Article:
Integrating Kubeshark with InfluxDB

Kubeshark can be configured to send network traffic data to InfluxDB using the InfluxDB Line Protocol.
To set up the integration, first install InfluxDB and create a new database to store the Kubeshark data. Then, configure Kubeshark to send data to InfluxDB by adding the following section to the Kubeshark YAML configuration file:

influxdb:
  url: http://influxdb:8086
  database: kubeshark
  user: admin
  password: password

This configuration sets up Kubeshark to send data to InfluxDB running on the http://influxdb:8086 URL, using the kubeshark database and the admin user with the password password.
Once Kubeshark is configured to send data to InfluxDB, the data can be queried and visualized using InfluxDB’s query language and Grafana.

Here is an example of querying the number of packets sent by a specific pod over a specific time range:

SELECT count(packet) FROM packets WHERE pod_name = 'my-pod' AND time > now() - 1h GROUP BY time(1m)

This query selects the number of packets captured by Kubeshark for the my-pod pod over the last hour, grouped by minute intervals. This data can then be visualized in Grafana to create a real-time dashboard of network traffic data.

Integrating Kubeshark with Grafana

 

  • To integrate Kubeshark with Grafana, first install Grafana and set up a new dashboard. Then, add a new data source for InfluxDB by navigating to Configuration -> Data Sources -> Add data source -> InfluxDB.
  • Enter the same URL, database, user, and password that were used to configure Kubeshark to send data to InfluxDB.
  • Next, create a new panel in the Grafana dashboard and select the InfluxDB data source that was just added.
  • Then, enter a query using InfluxDB’s query language to visualize the network traffic data captured by Kubeshark.

Here is an example of a Grafana query to visualize the number of packets sent by a specific pod over a specific time range:

SELECT count(packet) FROM packets WHERE pod_name = 'my-pod' AND time > now() - 1h GROUP BY time(1m)

This query is the same as the previous example, but it is entered in the Grafana query editor instead of the InfluxDB query editor.

Grafana provides a variety of visualization options, including line charts, bar charts, and gauges, to help users create real-time dashboards of network traffic data captured by Kubeshark.

Kubeshark Helpers with Slack

Python

In Kubeshark, helpers are predefined functions that can be used to perform common tasks in the analysis and visualization of Kubernetes resources. Some examples of helpers in Kubeshark include functions for filtering data, calculating metrics, and formatting output.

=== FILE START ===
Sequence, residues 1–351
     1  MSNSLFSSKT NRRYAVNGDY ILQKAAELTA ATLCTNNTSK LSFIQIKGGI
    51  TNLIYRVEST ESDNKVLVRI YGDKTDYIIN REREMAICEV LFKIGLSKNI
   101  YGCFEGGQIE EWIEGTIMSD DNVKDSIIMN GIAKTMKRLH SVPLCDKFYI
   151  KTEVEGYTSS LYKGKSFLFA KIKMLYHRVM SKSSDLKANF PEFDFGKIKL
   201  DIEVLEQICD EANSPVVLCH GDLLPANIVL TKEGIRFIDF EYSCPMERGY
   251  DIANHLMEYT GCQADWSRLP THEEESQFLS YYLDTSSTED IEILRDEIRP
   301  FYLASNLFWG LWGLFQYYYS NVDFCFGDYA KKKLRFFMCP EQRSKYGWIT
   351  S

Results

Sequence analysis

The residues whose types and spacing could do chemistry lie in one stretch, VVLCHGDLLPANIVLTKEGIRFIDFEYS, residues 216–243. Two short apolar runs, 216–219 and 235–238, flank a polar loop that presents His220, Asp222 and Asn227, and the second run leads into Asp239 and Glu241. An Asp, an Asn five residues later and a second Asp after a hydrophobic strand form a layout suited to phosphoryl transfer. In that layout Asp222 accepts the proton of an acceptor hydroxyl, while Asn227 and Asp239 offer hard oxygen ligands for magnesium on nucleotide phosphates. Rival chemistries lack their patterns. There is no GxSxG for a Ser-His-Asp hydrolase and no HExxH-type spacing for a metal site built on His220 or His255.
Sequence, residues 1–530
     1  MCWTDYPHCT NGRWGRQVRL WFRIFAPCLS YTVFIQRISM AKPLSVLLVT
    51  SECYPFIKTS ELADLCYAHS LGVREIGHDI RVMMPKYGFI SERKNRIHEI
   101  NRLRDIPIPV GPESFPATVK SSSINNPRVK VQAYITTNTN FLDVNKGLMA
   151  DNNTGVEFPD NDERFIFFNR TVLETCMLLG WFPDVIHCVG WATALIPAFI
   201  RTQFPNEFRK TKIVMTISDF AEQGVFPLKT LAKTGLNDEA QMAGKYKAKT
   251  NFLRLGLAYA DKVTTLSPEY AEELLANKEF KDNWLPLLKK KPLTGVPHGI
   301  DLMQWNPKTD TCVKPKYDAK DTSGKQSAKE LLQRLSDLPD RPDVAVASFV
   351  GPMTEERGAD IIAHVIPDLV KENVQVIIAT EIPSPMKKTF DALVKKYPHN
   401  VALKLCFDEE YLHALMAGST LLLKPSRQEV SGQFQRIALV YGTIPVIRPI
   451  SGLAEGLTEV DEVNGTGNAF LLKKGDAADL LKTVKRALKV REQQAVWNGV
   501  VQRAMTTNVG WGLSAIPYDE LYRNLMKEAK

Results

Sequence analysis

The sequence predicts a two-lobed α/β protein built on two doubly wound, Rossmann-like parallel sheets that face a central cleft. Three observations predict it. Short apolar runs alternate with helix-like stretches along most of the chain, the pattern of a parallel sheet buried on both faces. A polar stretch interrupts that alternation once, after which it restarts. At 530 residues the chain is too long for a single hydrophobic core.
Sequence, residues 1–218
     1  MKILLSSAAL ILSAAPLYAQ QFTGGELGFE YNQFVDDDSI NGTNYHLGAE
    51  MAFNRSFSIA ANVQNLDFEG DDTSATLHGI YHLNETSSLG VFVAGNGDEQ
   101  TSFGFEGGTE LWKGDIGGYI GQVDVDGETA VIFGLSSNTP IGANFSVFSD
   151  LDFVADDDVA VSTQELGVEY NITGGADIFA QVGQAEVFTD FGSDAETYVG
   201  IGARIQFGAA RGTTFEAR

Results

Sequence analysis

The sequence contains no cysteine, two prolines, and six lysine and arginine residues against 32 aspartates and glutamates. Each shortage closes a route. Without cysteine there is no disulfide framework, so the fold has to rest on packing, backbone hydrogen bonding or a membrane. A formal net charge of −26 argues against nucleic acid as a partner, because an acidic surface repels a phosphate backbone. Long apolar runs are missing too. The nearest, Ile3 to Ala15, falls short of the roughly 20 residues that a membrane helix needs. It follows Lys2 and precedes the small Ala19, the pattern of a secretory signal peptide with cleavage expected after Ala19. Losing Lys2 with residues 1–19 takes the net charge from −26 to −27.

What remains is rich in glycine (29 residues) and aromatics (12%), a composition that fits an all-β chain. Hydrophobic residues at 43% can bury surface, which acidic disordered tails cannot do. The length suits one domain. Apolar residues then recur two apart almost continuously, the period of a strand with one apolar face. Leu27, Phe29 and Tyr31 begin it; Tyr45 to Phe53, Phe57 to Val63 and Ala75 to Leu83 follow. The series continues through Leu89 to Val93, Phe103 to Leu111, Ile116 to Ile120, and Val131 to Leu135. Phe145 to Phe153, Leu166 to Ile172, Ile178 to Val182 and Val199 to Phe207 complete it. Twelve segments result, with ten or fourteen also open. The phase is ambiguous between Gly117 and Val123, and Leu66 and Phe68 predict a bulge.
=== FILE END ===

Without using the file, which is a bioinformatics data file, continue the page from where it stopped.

To send alerts to Slack using Kubeshark helpers, you can use the send_slack_notification helper function.

Here’s an example script that demonstrates how to use this function:

from kubeshark_helpers import send_slack_notification
import datetime

# Define the Slack webhook URL
SLACK_WEBHOOK_URL = "https://hooks.slack.com/services/XXXXXXXXX/YYYYYYYYY/ZZZZZZZZZZZZZZZZZZZZZZZZ"

# Define the message to send
message = {
    "text": f"Alert triggered at {datetime.datetime.now()}",
    "attachments": [
        {
            "title": "Details",
            "text": "Something went wrong with your Kubernetes cluster.",
            "color": "#ff0000"
        }
    ]
}

# Send the message to Slack
send_slack_notification(SLACK_WEBHOOK_URL, message)

In this script, we first import the send_slack_notification function from the kubeshark_helpers module. We then define the Slack webhook URL and the message to send. The message includes a timestamp, a title, some text, and a color (in this case, red). Finally, we call the send_slack_notification function and pass in the webhook URL and message as arguments.
Note that you will need to replace the placeholder Slack webhook URL (https://hooks.slack.com/services/XXXXXXXXX/YYYYYYYYY/ZZZZZZZZZZZZZZZZZZZZZZZZ) with your own webhook URL in order for this script to work.

BASH Script

To send alerts to Slack using Kubeshark helpers, you can use the following steps:

1. Create a new helper script to send Slack messages

Here’s an example script that uses the curl command to send a message to a Slack channel using a webhook URL:

#!/bin/bash
# Sends a message to a Slack channel using a webhook URL

# Set the webhook URL and message text
WEBHOOK_URL="https://hooks.slack.com/services/XXXXX/XXXXX/XXXXXXXXXX"
MESSAGE="$1"

# Send the message using curl
curl -X POST -H 'Content-type: application/json' --data "{\"text\":\"$MESSAGE\"}" $WEBHOOK_URL

2. Make the helper script executable using the following command:

chmod +x slack-helper.sh

3. Incorporate the helper script into a custom Kubeshark script

This allows you to monitors Kubernetes objects and sends alerts when certain conditions are met. Here’s an example script that monitors pods in a Kubernetes namespace and sends an alert to a Slack channel if any pods are in a “Pending” state:

#!/bin/bash
# Monitors pods in a Kubernetes namespace and sends an alert to Slack if any pods are in a "Pending" state

# Set the namespace and Slack channel details
NAMESPACE="default"
SLACK_CHANNEL="#alerts"

# Loop indefinitely
while true; do
  # Check for pending pods
  PENDING_PODS=$(kubectl get pods -n $NAMESPACE | grep -i 'pending' | wc -l)
  if [ $PENDING_PODS -gt 0 ]; then
    # Send alert to Slack
    MESSAGE="There are $PENDING_PODS pending pods in the $NAMESPACE namespace."
    /path/to/slack-helper.sh "$MESSAGE" $SLACK_CHANNEL
  fi

  # Wait for 10 seconds before checking again
  sleep 10
done

4. Run the custom Kubeshark script using the ks command-line tool:

ks run my-alert-script.sh

This script will run indefinitely and check for pending pods every 10 seconds. If any pending pods are found, it will send an alert to the Slack channel specified in the script.

Conclusion

Kubeshark is a powerful tool that provides real-time protocol-level visibility to Kubernetes traffic. Its rich query language, Service Map, and dashboard make it easy to investigate and debug network issues in Kubernetes. With its integration with InfluxDB and Grafana, you can also automate the analysis and monitoring of your Kubernetes network. By using Kubeshark, you can improve the reliability and performance of your Kubernetes network and ensure that your applications are always available to your users.